So, have I convinced you that there may, in fact, be something to this whole Aragorn/Boromir/Arwen thing? Are you currently saying to yourself "Ooh, this could be really interesting/brilliant/hot, I wonder where I can start"? Well, that makes me dance with glee, because the world always needs more A/B/A. There is an archive: Dying In His Name, and an lj community, dyinginhisname.

As for particular stories... gah. Oh, god, it's hard to choose. The great thing about this threesome? There is a very, very low crap-to-great ratio. For me, Voleuse's No Name Possible is probably right up there near, or at, the top. It's AU, in which Boromir succeeded in taking the Ring and survived, and it's both dark and sad and, simultaneously, oddly hopeful, just the characters are, and so very achingly beautiful. Mary Borsellino's Six points on a wheel of colour is a wonderful AU, too, which I will always adore and not just because it was written for me. Elly's The Gravity of Making Light is exactly what I love to see, with so many different emotions and layers and even though none of them forget what awaits them (it's set before the Fellowship leaves Rivendell), it's also sweet and happy as well.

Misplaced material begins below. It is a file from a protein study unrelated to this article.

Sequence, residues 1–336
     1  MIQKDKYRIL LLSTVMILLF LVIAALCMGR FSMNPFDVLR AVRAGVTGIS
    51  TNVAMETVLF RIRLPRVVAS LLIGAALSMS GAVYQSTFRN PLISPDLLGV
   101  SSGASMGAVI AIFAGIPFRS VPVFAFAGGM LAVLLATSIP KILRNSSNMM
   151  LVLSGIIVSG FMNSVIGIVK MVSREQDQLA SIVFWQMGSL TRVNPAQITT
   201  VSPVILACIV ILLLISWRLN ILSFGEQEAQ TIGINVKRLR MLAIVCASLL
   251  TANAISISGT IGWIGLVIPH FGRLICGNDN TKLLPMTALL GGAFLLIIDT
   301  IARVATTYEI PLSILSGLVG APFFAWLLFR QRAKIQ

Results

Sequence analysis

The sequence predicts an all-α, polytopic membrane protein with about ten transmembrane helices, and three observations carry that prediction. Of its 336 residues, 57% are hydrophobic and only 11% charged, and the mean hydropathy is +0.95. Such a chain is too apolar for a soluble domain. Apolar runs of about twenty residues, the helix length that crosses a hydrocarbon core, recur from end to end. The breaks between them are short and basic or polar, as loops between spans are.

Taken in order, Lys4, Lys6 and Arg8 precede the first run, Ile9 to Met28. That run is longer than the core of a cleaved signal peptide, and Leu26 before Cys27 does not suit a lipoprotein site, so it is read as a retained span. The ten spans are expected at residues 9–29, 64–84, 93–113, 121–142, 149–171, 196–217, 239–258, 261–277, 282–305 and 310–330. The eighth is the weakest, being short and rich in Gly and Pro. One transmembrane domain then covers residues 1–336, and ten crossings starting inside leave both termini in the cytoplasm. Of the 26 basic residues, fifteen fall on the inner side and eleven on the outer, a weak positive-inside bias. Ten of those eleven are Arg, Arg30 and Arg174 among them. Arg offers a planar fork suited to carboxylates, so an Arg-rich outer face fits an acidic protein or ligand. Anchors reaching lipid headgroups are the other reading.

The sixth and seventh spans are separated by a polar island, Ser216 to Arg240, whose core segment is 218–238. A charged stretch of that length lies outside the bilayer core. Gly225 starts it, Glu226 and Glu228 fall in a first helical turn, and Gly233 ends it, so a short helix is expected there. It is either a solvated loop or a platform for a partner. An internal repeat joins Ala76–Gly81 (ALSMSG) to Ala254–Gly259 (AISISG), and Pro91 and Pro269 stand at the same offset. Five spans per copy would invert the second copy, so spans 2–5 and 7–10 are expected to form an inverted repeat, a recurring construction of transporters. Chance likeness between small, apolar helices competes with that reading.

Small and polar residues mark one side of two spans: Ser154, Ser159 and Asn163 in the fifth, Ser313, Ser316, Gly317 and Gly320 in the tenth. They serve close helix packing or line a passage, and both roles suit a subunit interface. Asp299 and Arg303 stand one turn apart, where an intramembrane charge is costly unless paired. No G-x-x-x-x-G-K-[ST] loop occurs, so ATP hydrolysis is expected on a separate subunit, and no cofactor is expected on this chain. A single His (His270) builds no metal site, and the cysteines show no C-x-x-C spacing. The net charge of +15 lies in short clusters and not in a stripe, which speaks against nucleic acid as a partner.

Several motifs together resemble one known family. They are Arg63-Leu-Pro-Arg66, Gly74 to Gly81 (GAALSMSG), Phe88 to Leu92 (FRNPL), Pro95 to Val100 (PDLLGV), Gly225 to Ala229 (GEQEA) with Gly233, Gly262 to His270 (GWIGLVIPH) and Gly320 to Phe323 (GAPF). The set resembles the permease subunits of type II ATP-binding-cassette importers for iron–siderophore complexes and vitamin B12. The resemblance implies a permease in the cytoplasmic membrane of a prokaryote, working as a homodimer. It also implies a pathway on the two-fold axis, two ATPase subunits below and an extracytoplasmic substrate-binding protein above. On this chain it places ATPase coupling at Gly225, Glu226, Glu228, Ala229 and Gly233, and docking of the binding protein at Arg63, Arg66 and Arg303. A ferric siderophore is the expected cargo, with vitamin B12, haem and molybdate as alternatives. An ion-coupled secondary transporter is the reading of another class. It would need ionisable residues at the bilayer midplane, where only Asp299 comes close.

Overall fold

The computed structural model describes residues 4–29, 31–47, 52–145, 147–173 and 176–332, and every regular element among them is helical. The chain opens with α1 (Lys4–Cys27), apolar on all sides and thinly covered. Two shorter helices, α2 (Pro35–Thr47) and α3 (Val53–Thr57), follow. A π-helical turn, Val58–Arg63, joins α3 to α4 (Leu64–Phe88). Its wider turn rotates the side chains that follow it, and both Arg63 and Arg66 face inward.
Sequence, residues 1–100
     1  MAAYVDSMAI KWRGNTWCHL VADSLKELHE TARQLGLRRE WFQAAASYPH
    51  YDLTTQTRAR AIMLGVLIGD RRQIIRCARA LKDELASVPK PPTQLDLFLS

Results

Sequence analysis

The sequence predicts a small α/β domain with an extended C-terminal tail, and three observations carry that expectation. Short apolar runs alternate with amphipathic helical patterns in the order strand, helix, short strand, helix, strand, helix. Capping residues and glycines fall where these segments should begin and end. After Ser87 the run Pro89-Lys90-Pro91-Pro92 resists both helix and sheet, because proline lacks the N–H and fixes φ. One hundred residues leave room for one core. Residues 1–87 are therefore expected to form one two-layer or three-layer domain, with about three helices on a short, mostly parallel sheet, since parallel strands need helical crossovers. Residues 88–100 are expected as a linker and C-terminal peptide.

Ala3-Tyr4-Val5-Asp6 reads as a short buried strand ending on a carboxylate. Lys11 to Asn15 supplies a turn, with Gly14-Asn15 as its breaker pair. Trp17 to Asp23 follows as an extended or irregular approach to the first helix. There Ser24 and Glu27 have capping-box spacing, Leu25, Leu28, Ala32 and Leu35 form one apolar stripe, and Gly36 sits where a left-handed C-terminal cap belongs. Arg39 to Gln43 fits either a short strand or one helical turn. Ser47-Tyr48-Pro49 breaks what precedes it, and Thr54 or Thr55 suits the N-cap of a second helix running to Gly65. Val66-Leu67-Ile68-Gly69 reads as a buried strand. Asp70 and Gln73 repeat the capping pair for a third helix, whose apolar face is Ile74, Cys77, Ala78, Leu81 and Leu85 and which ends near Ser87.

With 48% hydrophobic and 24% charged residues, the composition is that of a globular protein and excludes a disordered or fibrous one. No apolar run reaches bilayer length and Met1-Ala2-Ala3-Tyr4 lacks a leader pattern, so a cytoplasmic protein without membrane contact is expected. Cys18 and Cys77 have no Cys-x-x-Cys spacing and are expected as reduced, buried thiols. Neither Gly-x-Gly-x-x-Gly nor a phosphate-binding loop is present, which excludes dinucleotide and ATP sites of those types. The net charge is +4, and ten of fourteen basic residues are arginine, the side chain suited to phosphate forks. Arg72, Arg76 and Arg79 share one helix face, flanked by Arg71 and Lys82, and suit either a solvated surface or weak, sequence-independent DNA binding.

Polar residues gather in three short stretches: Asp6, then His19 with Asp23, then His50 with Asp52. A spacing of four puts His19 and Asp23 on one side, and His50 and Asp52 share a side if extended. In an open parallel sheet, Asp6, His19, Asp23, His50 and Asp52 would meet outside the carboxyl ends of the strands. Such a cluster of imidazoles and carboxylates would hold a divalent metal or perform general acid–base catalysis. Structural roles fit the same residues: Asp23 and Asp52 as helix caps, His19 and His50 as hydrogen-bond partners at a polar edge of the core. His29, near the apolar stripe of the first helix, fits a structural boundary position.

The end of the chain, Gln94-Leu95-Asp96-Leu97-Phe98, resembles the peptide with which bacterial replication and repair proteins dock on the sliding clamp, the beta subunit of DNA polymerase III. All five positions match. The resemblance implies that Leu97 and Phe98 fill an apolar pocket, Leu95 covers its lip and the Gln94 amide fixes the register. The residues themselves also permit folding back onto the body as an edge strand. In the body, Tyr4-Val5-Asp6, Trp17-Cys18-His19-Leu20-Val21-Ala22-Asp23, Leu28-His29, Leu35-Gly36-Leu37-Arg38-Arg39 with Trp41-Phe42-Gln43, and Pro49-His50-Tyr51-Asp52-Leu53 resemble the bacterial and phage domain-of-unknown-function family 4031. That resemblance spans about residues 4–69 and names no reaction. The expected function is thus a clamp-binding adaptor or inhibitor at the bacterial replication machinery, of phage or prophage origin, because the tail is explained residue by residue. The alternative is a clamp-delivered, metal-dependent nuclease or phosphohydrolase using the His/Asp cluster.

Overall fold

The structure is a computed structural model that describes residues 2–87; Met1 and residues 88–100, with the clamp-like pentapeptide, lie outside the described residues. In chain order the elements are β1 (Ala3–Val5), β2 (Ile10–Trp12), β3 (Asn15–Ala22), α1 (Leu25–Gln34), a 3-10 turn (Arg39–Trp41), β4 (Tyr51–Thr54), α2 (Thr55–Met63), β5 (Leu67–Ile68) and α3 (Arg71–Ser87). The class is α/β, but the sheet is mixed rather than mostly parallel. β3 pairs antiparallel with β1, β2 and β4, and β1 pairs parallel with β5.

Honestly, reccing is a difficult business for me when it comes to A/B/A. Like I said, the crap-to-good ratio is low, perhaps nonexistent -- there's nothing on that archive that I couldn't read a thousand times without getting sick of.

So, yes, that is my OT3. And oh, how I do love them so. Thank you, and prepare to resume normal traffic patterns.

Comments

You have a suporter here, A/B being my first LotR OTP.

(namely, that no one in the LotR-verse is exactly a poster child for the "polyamory yay!" school of thought, and while I, personally, tend to buy more of a sexually liberal attitude from the Elves, that's more my thing than anything else, and the next fangirl might not agree with me on it)

Well, for one thing, I have no problems with polyamory, I doubt you ever watch much of the LotR end of theatrical_muse (I know Buffy doesn't have Varda or Aduvar friended) but my Vala is in a poly relationship.